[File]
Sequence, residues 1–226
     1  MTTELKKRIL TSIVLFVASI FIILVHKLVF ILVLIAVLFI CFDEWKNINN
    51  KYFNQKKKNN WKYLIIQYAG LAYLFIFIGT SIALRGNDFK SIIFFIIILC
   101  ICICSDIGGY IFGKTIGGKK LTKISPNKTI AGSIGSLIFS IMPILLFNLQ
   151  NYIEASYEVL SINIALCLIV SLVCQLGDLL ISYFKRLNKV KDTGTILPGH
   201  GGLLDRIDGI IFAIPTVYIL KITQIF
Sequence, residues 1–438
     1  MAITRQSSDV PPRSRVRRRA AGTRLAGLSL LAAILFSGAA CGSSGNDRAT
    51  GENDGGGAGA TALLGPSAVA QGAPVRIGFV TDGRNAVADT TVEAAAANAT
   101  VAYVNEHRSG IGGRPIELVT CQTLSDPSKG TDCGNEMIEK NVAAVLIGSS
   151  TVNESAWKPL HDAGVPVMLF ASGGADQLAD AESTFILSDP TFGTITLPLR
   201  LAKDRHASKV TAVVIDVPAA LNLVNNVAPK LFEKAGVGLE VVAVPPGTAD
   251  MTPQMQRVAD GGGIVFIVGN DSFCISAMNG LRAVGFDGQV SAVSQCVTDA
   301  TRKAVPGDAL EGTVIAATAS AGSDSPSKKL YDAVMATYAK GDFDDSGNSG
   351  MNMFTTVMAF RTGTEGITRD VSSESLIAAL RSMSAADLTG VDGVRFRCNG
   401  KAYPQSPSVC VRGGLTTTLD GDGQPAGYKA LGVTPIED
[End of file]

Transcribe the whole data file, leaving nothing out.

Sequence, residues 1–226
     1  MTTELKKRIL TSIVLFVASI FIILVHKLVF ILVLIAVLFI CFDEWKNINN
    51  KYFNQKKKNN WKYLIIQYAG LAYLFIFIGT SIALRGNDFK SIIFFIIILC
   101  ICICSDIGGY IFGKTIGGKK LTKISPNKTI AGSIGSLIFS IMPILLFNLQ
   151  NYIEASYEVL SINIALCLIV SLVCQLGDLL ISYFKRLNKV KDTGTILPGH
   201  GGLLDRIDGI IFAIPTVYIL KITQIF
Sequence, residues 1–438
     1  MAITRQSSDV PPRSRVRRRA AGTRLAGLSL LAAILFSGAA CGSSGNDRAT
    51  GENDGGGAGA TALLGPSAVA QGAPVRIGFV TDGRNAVADT TVEAAAANAT
   101  VAYVNEHRSG IGGRPIELVT CQTLSDPSKG TDCGNEMIEK NVAAVLIGSS
   151  TVNESAWKPL HDAGVPVMLF ASGGADQLAD AESTFILSDP TFGTITLPLR
   201  LAKDRHASKV TAVVIDVPAA LNLVNNVAPK LFEKAGVGLE VVAVPPGTAD
   251  MTPQMQRVAD GGGIVFIVGN DSFCISAMNG LRAVGFDGQV SAVSQCVTDA
   301  TRKAVPGDAL EGTVIAATAS AGSDSPSKKL YDAVMATYAK GDFDDSGNSG
   351  MNMFTTVMAF RTGTEGITRD VSSESLIAAL RSMSAADLTG VDGVRFRCNG
   401  KAYPQSPSVC VRGGLTTTLD GDGQPAGYKA LGVTPIED